As one blogger pointed out, last year when a person sneezed, “god bless you” was a common response. No longer is a sneeze okay. But the question is: When a person says, “god bless you,” of whom is that person speaking?
“Lord help us!” a person might say. Which lord. How about lord krishna, of India?
Some Bibles help us in this way: LORD used in all caps refers to the Name of the God of Israel.
In Psalm 20, in the first verse, King David identifies G-d, of Whom he speaks as he requests assistance on our behalf, as the God of Jacob. Fairly specific, without using an actural name, however.
In Psalm 91, verse 14, the G-d of Israel says: “I will protect them because they know My Name.”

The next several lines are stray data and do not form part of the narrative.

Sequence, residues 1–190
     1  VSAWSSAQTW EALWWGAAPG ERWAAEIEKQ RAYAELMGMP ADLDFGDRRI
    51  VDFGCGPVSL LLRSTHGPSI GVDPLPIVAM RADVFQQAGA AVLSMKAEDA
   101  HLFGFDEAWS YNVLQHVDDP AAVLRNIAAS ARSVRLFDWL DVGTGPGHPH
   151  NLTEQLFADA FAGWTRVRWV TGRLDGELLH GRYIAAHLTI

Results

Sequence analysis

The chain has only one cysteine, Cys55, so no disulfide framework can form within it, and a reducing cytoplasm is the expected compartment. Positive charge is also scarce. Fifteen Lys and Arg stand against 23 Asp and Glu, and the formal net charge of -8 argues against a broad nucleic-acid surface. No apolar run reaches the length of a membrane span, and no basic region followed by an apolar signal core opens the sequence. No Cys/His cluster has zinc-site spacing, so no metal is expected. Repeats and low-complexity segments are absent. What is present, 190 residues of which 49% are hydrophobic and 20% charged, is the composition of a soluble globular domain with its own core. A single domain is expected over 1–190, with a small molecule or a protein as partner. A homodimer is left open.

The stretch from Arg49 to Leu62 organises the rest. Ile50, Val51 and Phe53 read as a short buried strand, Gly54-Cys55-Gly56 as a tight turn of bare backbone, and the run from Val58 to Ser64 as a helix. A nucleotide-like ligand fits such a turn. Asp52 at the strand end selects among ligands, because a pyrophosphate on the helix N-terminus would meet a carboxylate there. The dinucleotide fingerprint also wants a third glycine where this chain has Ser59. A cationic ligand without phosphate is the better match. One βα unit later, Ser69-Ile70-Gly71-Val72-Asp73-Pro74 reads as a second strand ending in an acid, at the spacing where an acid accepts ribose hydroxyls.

Do you know the Name of the G-d of Israel?
I pray on behalf of those who know the Name of the Master of the Universe, the God of Jacob:
1May the L-RD answer you in the day of trouble!
May the name of the G-d of Jacob protect you!
2May he send you help from the sanctuary
and give you support from Zion!
3May he remember all your offerings
and regard with favor your burnt sacrifices! Selah
6Now I know that the L-RD saves his anointed;
he will answer him from his holy heaven
with the saving might of his right hand.
7Some trust in chariots and some in horses,
but we trust in the name of the LORD our God.
8They collapse and fall,
but we rise and stand upright.
9O L-RD, save the king!
May he answer us when we call.
The L-RD bless you and protect you!
The L-RD deal kindly and graciously with you!
The L-RD bestow His favor upon you and grant you peace!